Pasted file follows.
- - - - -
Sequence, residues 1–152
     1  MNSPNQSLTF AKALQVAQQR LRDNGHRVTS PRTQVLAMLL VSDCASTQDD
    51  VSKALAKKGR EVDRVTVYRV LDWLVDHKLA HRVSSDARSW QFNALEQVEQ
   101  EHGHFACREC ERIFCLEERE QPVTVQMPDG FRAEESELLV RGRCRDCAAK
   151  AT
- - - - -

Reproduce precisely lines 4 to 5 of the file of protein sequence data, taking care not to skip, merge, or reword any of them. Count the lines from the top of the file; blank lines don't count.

   101  EHGHFACREC ERIFCLEERE QPVTVQMPDG FRAEESELLV RGRCRDCAAK
   151  AT